This week we’ve seen a tidal wave of politicians, business leaders and philanthropists making all the right noises, calling for action on Climate Change and announcing new initiatives. A couple of the most impressive have been President Obama’s Mission Innovation and the Breakthrough Energy Coalition led by Bill Gates and Mark Zuckerberg. Both these projects seek to increase research and development in renewable energy technology, in order to bring the costs of renewables to below that of fossil fuels. This is just what the Global Apollo Programme has been calling for. A report from the Finnish Innovation Fund Sitra claims existing renewable technologies are already cheaper and capable of meeting growing global energy demand. To bring the costs of renewables down further research and development needs to be pursued along with mass scale deployment, which is the goal of the International Solar Alliance of 120 countries, announced a few days ago by Presidents Modi of India and Hollande of France. All great stuff!
However there is sadly a yawning gulf between the statements of some politicians about action on climate change and the overall results of their policies. Matt McGrath, writing on BBC website said ‘in many nations the apparent contradiction is caused by politics. Different government departments had different plans… and these power battles are leading to many countries offering to cut their carbon while increasing their reliance on coal.’ India is a case in point. The UK intends to quit coal, but is increasing subsidies for oil and gas. Such confused and inconsistent policies are not helpful.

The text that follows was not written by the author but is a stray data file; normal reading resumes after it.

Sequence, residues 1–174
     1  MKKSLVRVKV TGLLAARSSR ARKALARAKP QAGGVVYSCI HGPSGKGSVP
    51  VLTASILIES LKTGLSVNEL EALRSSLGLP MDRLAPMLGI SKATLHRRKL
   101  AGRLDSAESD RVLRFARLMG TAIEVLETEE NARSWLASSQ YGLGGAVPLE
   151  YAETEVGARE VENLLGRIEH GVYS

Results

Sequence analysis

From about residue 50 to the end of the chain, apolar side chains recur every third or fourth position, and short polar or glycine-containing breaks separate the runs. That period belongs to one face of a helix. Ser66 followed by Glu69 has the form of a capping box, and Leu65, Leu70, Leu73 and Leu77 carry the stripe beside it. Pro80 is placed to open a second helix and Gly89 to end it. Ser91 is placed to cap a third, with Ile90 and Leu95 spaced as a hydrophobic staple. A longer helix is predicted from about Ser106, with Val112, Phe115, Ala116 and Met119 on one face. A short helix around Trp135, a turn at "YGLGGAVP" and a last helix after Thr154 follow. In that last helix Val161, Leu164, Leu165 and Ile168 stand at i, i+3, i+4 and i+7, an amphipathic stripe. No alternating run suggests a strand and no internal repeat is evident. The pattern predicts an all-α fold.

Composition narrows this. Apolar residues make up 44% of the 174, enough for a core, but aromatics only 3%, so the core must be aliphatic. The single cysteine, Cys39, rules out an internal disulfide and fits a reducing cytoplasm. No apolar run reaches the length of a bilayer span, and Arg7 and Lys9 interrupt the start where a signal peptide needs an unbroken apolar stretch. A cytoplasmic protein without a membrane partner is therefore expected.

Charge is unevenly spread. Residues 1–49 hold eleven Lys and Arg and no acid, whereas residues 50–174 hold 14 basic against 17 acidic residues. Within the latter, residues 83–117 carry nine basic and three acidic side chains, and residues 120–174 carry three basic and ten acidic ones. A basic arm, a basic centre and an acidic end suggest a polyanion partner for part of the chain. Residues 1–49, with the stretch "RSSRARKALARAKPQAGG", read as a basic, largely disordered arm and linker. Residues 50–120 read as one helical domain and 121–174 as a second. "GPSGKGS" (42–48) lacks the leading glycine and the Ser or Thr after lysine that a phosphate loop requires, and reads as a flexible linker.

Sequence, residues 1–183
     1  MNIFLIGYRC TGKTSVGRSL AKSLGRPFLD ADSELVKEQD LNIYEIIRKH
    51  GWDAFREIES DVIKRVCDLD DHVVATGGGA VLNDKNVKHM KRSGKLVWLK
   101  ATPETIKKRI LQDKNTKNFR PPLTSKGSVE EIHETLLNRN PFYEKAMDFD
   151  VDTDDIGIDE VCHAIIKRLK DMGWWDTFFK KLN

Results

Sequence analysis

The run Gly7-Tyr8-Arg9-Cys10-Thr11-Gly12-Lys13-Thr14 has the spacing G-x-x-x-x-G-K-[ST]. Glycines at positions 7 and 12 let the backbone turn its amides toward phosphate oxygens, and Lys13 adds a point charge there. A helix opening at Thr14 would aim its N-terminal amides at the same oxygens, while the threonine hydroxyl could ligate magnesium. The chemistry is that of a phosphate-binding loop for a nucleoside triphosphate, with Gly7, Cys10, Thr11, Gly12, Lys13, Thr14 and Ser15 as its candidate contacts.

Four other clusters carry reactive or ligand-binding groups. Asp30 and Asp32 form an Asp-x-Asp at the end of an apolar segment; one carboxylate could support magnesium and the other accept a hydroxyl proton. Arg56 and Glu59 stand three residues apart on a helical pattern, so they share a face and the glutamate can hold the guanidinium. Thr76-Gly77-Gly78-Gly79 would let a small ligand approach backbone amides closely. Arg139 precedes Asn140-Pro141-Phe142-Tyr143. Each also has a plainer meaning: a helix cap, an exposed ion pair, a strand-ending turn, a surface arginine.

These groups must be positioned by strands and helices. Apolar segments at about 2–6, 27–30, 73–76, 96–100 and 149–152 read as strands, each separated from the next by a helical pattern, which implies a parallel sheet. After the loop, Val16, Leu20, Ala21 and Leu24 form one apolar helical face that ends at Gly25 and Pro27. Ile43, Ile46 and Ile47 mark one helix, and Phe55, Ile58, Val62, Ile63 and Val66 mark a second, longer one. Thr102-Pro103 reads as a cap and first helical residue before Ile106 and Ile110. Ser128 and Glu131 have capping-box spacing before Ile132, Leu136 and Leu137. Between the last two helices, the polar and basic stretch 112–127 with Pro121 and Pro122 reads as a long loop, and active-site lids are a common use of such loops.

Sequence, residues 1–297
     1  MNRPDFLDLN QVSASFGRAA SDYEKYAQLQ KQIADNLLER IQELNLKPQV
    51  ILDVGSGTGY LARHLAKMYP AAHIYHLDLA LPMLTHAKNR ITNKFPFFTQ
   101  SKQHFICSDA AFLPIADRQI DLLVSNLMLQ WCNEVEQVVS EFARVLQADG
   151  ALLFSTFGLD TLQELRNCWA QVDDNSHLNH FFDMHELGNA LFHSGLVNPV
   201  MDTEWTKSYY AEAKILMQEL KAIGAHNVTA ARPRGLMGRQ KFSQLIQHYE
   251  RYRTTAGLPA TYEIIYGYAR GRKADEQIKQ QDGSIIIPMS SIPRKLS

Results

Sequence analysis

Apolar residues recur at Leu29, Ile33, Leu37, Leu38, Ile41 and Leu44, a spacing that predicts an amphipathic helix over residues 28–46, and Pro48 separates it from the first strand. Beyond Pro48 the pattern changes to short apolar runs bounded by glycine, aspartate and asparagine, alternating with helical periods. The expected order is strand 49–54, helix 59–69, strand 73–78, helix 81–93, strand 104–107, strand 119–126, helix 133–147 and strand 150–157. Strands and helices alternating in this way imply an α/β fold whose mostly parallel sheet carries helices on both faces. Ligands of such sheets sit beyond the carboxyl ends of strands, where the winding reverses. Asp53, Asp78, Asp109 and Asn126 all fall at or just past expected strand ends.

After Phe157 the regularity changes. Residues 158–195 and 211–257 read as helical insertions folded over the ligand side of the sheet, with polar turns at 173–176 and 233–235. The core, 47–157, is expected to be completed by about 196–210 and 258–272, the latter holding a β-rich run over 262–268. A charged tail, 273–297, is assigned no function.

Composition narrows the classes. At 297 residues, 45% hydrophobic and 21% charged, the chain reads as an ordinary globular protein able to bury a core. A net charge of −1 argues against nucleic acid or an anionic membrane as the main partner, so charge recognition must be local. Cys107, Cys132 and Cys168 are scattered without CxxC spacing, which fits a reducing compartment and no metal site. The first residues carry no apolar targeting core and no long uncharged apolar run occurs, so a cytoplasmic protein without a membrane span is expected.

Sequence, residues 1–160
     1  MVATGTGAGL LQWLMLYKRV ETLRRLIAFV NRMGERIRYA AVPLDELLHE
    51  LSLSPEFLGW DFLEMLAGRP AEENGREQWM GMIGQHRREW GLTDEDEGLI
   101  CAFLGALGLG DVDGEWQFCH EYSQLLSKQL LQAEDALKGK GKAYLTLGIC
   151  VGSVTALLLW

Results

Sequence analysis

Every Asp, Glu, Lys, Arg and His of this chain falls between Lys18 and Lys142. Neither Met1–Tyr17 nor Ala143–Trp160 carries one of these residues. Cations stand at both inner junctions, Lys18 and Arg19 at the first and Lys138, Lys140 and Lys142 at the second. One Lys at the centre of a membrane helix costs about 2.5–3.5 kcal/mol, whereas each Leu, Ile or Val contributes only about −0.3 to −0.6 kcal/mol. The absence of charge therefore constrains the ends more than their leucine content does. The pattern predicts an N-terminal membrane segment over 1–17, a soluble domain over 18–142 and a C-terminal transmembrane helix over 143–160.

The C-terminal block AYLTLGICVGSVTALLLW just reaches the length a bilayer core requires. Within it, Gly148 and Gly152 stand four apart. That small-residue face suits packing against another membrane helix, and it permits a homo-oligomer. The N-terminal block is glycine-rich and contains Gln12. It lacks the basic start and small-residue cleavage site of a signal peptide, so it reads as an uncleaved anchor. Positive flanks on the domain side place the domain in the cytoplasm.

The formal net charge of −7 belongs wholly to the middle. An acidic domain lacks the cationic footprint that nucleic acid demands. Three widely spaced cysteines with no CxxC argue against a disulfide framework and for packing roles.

While politicians from large and powerful countries hog the limelight in Paris and desire to be seen as showing leadership, real leadership is being best demonstrated by countries like Morocco and Uruguay, Denmark and Sweden, which are all quietly busy developing modern renewables based economies and so showing leadership through action and not just words. Still I do wholeheartedly welcome these new initiatives and speeches: thinking and speaking of good intentions is the first step toward change, but it is only real and consistent action that will save us all from the worst ravages of extreme climate change. Humanity needs to shift to net negative carbon emissions as fast as possible and the individual country that achieves that goal for itself first will have demonstrated leadership the rest can follow.
Matt MGrath on BBC http://www.bbc.co.uk/news/science-environment-34977265